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Psychology 2020A/B
Doug Hazlewood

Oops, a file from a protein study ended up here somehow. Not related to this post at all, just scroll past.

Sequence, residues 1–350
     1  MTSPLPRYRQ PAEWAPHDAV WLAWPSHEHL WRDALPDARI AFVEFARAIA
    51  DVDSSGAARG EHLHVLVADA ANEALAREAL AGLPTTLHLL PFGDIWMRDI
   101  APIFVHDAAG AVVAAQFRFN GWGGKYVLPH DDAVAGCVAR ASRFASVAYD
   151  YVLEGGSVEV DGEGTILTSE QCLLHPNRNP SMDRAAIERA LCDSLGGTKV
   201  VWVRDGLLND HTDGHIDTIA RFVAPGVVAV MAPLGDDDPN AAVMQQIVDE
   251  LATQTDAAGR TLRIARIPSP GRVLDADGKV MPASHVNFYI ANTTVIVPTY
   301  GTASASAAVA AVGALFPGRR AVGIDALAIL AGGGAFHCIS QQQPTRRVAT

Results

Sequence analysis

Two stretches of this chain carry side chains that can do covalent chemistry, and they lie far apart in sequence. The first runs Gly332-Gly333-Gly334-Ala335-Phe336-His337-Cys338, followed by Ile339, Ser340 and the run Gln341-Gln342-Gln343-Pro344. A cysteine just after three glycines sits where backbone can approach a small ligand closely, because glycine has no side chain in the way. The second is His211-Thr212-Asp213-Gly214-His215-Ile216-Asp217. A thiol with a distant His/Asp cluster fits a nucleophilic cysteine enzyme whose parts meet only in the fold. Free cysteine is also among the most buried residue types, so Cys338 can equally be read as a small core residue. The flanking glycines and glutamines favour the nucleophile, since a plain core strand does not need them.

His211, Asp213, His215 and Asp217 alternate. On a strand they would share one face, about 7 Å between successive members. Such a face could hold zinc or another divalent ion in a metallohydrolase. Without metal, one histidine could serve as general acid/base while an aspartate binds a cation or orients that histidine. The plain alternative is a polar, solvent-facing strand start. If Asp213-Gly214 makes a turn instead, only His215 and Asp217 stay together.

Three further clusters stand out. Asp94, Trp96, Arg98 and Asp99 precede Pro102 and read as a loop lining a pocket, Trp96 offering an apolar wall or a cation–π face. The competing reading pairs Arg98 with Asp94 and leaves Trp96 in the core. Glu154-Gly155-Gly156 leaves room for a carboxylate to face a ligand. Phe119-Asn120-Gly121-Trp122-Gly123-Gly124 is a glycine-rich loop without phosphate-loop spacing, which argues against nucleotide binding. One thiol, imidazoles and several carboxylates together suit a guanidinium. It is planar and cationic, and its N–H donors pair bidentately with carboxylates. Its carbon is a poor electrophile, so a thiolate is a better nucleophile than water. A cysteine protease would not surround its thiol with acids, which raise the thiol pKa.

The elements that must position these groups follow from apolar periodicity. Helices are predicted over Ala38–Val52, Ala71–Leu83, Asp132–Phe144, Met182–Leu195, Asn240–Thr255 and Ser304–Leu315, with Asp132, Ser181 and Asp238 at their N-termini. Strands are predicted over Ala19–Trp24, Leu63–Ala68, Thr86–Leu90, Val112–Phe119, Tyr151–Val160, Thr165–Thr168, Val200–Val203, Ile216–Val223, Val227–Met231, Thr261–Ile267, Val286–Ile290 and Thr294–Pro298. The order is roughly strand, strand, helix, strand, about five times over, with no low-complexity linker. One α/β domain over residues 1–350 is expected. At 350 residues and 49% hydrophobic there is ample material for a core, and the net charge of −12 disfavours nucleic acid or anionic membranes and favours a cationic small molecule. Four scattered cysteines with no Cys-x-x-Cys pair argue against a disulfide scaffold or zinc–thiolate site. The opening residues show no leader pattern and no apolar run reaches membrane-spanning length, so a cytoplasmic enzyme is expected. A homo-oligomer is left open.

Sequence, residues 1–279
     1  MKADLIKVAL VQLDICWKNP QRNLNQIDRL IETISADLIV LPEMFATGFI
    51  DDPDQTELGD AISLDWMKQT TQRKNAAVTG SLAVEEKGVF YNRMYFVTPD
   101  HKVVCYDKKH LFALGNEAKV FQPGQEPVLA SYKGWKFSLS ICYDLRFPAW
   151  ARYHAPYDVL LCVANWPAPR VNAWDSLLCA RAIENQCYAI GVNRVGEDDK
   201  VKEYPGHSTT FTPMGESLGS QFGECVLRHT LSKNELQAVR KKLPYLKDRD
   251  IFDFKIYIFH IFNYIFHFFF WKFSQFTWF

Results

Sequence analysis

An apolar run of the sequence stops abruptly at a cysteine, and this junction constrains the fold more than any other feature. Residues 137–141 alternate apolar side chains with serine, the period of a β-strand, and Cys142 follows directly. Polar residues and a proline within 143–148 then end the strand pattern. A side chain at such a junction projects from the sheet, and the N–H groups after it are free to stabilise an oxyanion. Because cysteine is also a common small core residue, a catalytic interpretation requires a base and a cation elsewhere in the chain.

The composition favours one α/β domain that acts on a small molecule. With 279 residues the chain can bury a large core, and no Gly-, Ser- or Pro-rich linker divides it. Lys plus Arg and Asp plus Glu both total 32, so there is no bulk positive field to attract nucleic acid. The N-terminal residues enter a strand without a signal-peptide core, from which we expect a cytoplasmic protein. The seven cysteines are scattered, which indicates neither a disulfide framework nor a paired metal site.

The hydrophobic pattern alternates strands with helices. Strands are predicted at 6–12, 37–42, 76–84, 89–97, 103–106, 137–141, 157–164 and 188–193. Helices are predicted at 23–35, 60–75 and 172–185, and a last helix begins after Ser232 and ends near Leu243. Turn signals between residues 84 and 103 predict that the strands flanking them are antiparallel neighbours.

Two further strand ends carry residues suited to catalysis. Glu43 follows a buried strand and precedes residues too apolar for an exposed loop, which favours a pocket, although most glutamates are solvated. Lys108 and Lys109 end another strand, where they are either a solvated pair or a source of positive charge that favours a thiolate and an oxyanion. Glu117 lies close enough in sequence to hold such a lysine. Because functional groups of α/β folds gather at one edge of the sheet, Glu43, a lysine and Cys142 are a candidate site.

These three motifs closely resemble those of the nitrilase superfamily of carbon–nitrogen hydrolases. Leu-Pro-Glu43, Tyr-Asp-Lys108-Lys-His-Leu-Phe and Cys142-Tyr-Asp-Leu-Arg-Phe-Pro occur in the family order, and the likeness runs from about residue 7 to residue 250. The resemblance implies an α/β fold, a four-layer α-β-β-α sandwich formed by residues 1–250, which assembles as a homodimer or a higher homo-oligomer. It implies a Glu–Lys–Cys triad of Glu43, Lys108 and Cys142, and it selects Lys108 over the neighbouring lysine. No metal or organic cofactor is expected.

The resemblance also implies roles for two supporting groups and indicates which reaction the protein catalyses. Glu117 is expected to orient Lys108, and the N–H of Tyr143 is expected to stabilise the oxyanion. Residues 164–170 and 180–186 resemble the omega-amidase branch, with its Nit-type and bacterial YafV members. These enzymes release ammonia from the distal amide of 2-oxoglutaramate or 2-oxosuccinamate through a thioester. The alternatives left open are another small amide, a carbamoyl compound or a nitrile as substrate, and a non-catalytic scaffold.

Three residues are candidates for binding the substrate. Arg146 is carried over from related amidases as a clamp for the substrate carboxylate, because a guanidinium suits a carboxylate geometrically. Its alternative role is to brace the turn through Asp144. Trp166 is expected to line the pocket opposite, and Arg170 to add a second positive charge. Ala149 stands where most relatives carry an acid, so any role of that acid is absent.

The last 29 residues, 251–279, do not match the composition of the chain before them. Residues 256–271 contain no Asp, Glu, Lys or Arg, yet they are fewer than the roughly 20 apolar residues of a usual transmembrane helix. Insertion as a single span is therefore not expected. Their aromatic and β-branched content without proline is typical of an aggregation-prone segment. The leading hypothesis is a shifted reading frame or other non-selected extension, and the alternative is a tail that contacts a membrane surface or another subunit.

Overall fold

Chapter 1: Psychology and The Law Canadian Justice System consists of: civil law - one party (the plaintiff) brings a complaint against another (the defendant) for violating the former's right in some way. criminal law - when police arrest a suspect and a judge decides whether there is enough evidence to press formal charges. (sometimes at a preliminary hearing, a judge decides whether there will be a trial). - In criminal cases, first impression of the accused and of witnesses have a powerful effect on police investigators and jurors (primacy effect). Attributions about what causes the criminal behaviour are made by police, lawyers, jurors, and the judge; prejudice beliefs and stereotypical ways of thinking affect those attributions. - most common cause of an innocent person's being convicted of a crime is an erroneous eyewitness. - jurors rely heavily on eyewitness testimony when they are deciding whether someone is guilty. Unfortunately, jurors also tend to overestimate the accuracy of eyewitnesses. - experiment "staged calculator theft" : the first set of results reflected what we'd expect: The more visual information available about the their, the higher the percentage of students who correctly identified him in the photo lineup. The jurors overestimated the accuracy of the witnesses, especially in the condition in which the thief was difficult to identify. -In 36 of 40 of these cases, an eyewitness had falsely identified the suspect as the criminal; five of these falsely accused people were on death row when they were exonerated. (DNA evidence proved the suspect was innocent after he/she was convicted) Why are eyewitnesses often wrong: 3 stages of memory (Acquisition, Storage and Retrieval): acquisition: the process by which people notice and pay attention to information in the environment; people cannot perceive everything that is happening around them, so they acquire only a subset of the information available in the environment. Sources of error: - poor viewing conditions - people see what they expect to see - focus on weapons - own-race bias - change blindness - a number of factors limit the amount of information about a crime that people take in, such as how much time they have to watch an event and the nature of the viewing condition. Crimes usually occur under the very conditions that make acquisition difficult: quickly, unexpectedly, and under poor viewing conditions such as at night. - "julia robert's photograph experiment" - they found that accuracy in identifying the celebrities began to drop when the simulated distance exceed 7.5 meters. At 10 meters only 75 percent of the participants recognized the face, and at 23 metres, only 25 percent of the participants did. - we should also remember that eyewitnesses who are victims of a crime will be terribly afraid, making it difficult to to take everything in. The more stress people are under, the worse their memory for people involved in and the details of a crime. Another resin why they have poor memory for a suspect is that they tend to focus their attention on any weapon they see and less on the suspect's features. - information people notice and pay attention to is also influenced by what they expect to see. - for example; the case of the old lady next door who was strangled (pg. 8) own-race bias: the finding that people are better at recognizing faces within their own race than those of other races - What about the Koreans who grew up in white families? They had better memory for white faces, which is consistent with the idea that we are best at remembering faces that are of the race with which we have the most contact. - unfamiliar events or people are also more difficult to remember than familiar events of people. - when people examine same-race faces, they pay close attention to individuating features that distinguish that face from others, such as the height of the cheekbones or the contour of the forehead. They do not do this for other races unless told to. Storage: the process by which people store in memory information they have acquired from the environment Sources of error: - misleading questions - source monitoring errors - only 48 percent of the bystanders and 38 percent of the victims correctly remembered the suspect's had colour. They could only pick the criminal out of a lineup 48 percent of the time. reconstructive memory: the process by which memories of an event become distorted by information encounter after the event occurred. - when participants were again questions about the crimes, those who had been exposed to misinformation were more likely to have incorporated it into their memory of the event. - people are especially likely to incorporate misinformation in their memories when the event they have witnesses produces negative emotion - which is likely in crimes. Adults with intellectual disabilities may be especially vulnerable to being swayed by leading questions. source monitoring: the process by which people try to identify the sources of their memories. Retrieval: the process by which people recall information stored in their memory. - research shows that if a witness selects a suspect from a lineup, jurors, police, investigators and judges are likely to assume that the witness is right. - lineups have a higher success rate than the alternative of showing eyewitness only one person. However, if one person was shown and that person was innocent, a mistaken identification was four times more likely than when the same person appeared in a six-person lineup. Errors were especially likely if the innocent person worse clothing similar to that worn by the person who committed the crime. - witnesses often choose the person in a lineup who most resembles the criminal, even if the resemblance is not strong. To avoid errors police follow these steps: - ensure that everyone in the lineup resembles the witness's description of the suspect - tell the witnesses that the person suspected of the crime may or may not be in the lineup - do not always include the suspect in an initial lineup - make sure that the person conducting the lineup does not know which person in the lineup is the suspect - present pictures of people sequentially instead of simultaneously - present witnesses with photographs of people and sound recordings of their voices (together) - don't use composite face programs (where witnesses generate faces) - try to minimize the time between the crime and the identification of suspects Judging Whether Eyewitnesses are Mistaken: Does Certainty Mean Accuracy? - A witness's confidence is not strongly related to his or her accuracy. For example with the calculator theft experiment, witnesses who saw the crime under poor viewing conditions had as much confidence in their identifications as did witnesses who saw the crime under moderate or good viewing conditions, even though the former were considerably less accurate. - Jurors are also more likely to believe a confident, rather than unconfident, witnesses - a disturbing finding after obtaining this research Sings of Accurate Testimony - accurate witnesses in a photos lineup tended to say that they didn't really know how they recognized the man, that his face just "popped out" at them. Inaccurate witnesses tended to say that they used a process of elimination whereby they deliberately compared one face with another. Ironically, taking more time and thinking more carefully about the pictures was associated with making more mistakes - people are most accurate she they made their judgement quickly - in 10 seconds or less. The Problem with Verbalization: - It would seem that another way to improve accuracy of eyewitness identification would be to tell people to write down a description of the suspect as soon as they can, to help them remember what they say. However, trying to put an image of a face into words can make people's memory worse! - in the bank robbery experiment, 38 percent of the people in the verbalization condition correctly identified the robber, compared with 64 percent of the people in the non-verbalization condition. Judging Whether Eyewitnesses are Lying - some witnesses might deliberately lie (for example if a reward is involved) - people are better than chance at telling lies from truth, but their level of accuracy is not impressive: On average, people were correct only 54 percent of the time. Accuracy rates are even lower when people try to detect deception in members of other ethnic groups. - confidence that you have correctly identified the lies and truths is not strongly correlate with accuracy as well - people with a lot of experience dealing with liars (custom officers, detectives, judges) are no more accurate at detecting deception that are university students. polygraph: a machine that measures people physiological responses (e.g. heart rate); polygraph operators attempt to tell if someone is lying by observing how that person responds physiologically while answering the questions. - accuracy rate for these machines was 0.86. Because there is still a chance these machines can make a mistake (14% chance) the Canadian justice system does not allow the results of polygraph evidence to be used in court. - researches continue to try to develop better lie detectors, using measures such as patterns of brain waves, involuntary eye movements, and blood flow in the face by using high-definition thermal imagining technology. - there is some evidence that people can deliberately act in ways that reduce the validity of the results of polygraph tests, such as biting their tongue and doing mental arithmetic. Can Eyewitness Testimony Be Improved? - there is no hard evidence that people's memories improve when they are hypnotized. In fact, there is some evidence that when people are under hypnosis they are more susceptible to suggestion, coming to believe they saw things that they did not. Even worse, people tend to become more confident in their memories after they have been hypnotized, even if they are no more accurate. witness testimony that has been obtained under hypnosis is not admissible in the Canadian court. cognitive interview: A technique in which a trained interview tries to improve eye-witnesses' memories by focusing their attention on the details and context of the event. - this is done chiefly by asking the person to recall the event several times from different starting points (e.g. from the beginning or the middle) and by asking the person to create a mental image of the scene. - research found that children had better memories for activities that they had engaged in over a two-week period when they were asked to mentally "return to the scene". Other claim that the cognitive interview may in fact, increase errors and confabulations of memory especially when used with children. - reinstating the context (returning to the same room where the crime occurred) had some positive effects (e.g. better memory for what had happened) but also some negative effects (e.g. being more willing to identify someone from a lineup, regardless of accuracy). - According to leading expert Gary Wells (assisted in developing a National Institute of Justice guide for law enforcement on eye witnesses), the most effective approach for reducing the rate of false convictions in the legal system is to improve how police conduct eyewitness interviews and identification procedures. Recommendations include avoiding leading or suggestive questions when interviewing witnesses, telling witnesses that the suspect may or may not be in the lineup, and so on. The Recovered Memory Debate: recovered memories: recollections of an event, such as sexual abuse that have been forgotten or repressed - the accuracy of these memories have been hotly debated. On one side, two woman writers claim that it is not uncommon for women who were sexually abused to repress these traumas so that they have absolutely no memory of them. THe abuse and its subsequent repression, according to this view, are responsible for many psychological problems,such as depression and eating disorders. and later in life, often with help of a psychotherapist these events can be "recovered". - on the other side of the controversy are academic psychologist who argue that the accuracy of recovered memories cannot be accepted on faith. false memory syndrome: remembering a past traumatic experience that is objectively false but nevertheless accepted as true How do we know whether these recovered memories are true or not? - descriptions of fabricated traumatic events contained fewer specific details about time and place than did descriptions of actual traumas and were rated as less believed by coders (didn't know which one was true or not). - participants reported stronger emotional reactions to the fabricated traumas than to the actual traumas - even though when describing these events, fabricated accounts actually were less emotional than accounts of actual traumas. This tendency to "go over the top" when reporting on reactions to fabricated traumas was also reflected in participants' reports of how much they thought about the event, their level of traumatic stress, and their experience of post-traumatic stress disorder symptoms.- all of these reactions were reported more strongly when describing a fake, rather than a real, traumatic event. - people who were fabricating remorse were more likely to show more extreme emotional displays. They also exhibited more speech hesitations and de more references to other people than those who were expressing genuine remorse. Other kind of Evidence Expert Testimony • Expert testimony has an effect on juror’s verdictsparticipants who received expert testimony in the mock juror were more likely to conclude that the woman acted out of self-defense when she murdered her husband (because she was suffering from battered wife syndrome), rather than when they had not received expert testimony. • Opinions on whether expert testimony should be used in courts vary (psychologists believe their opinions are highly useful however some judges believe that what they have to offer is common sense) Physical Evidence: • Examples such as footprints, fingerprints, samples of hair and fibres and DNA • Although DNA testing is more conclusive than many other kinds of evidence, jurors may be quick to convict based on DNA evidence, without fully understanding its limitations. • Other types of physical evidence tend not to be very persuasivephysical evidence alone is not very convincing Statistical Evidence • According to civil law, companies should be responsible if it “is more likely than not” to have been responsible (example in textbook: a bus hits and kills a dog but it is not known which bus company the bus belongs to. However 80% of the buses in that route belong to the Blue Bus company therefore they should be held responsible). • In mock cases using this example, participants were much more swayed by eyewitness testimony (being told that the bus they had seen was a Blue Bus) than by statistical evidence (that 80% of the buses on that route were from Blue Bus) Juries • Trial by jury was an established institution in England at the beginning of the 17 century and was adopted by Canada in 1867 • Jury system has often come under attack because of many wrongful convictions and the argument that jurors may lack the ability to understand complex evidence and reach a dispassionate verdict. How Jurors process information during the Trial • Some psychologists argue that jurors decide on one story that best explains all of the evidence, then they try to fit this story to the possible verdicts they are allowed to render Lawyers typically present the evidence in one of two ways: • Story order: they present the evidence in the sequence in which events occurred, corresponding as closely as possible to the story they want the jurors to believe • Witness order: they present witnesses in the sequence they think will have the greatest impact even if this means that event are described out of order (ex: leaving the best witness for last so the trial ends on a dramatic note) *When prosecutors used the story order and the defense used the witness order, te jurors were most likely to believe the prosecutor *When the prosecutor used the witness order and the defense used the story order, the tables were turned and the jurors were more likely to believe the defense. Confessions are not always what they seemthe interrogation process can go wrong n ways that elicit false confessions, even to the point where innocent suspects come to believe that they actually did commit the crime • The greater the use of influence tactics and coercive tactics, the higher the rate of confession • “Mr. Big” Technique: tends to be used in serious criminal cases and involves undercover officers enticing the suspect to commit small crimes in exchange for money and the promise of gang membership. At some point the suspect is told that he will be meeting the head of the gang or organization and reasons will be given for why the suspect needs to “come clean” before he can be accepted into the gangsometimes the suspect will be told that police have evidence that he is guilty of the crime and this produces high rates of confessions • offenders who believed that the police had strong evidence against them were more likely to confess than those who believed that the evidence was weak • in Canada interrogations and confessions are usually recorded so that the jury can judge for themselves whether the defendant was coerced into admitting something • In recordings, people thought that the confession as most voluntary (the least coerced) when the camera focused on the suspect rather than the interrogator-assuming they had more control over the situation Deliberations in the Jury Room • Even if most jurors are inclined to vote to verdict, there might be a persuasive minority that changes their fellow jurors’ minds. • However research has f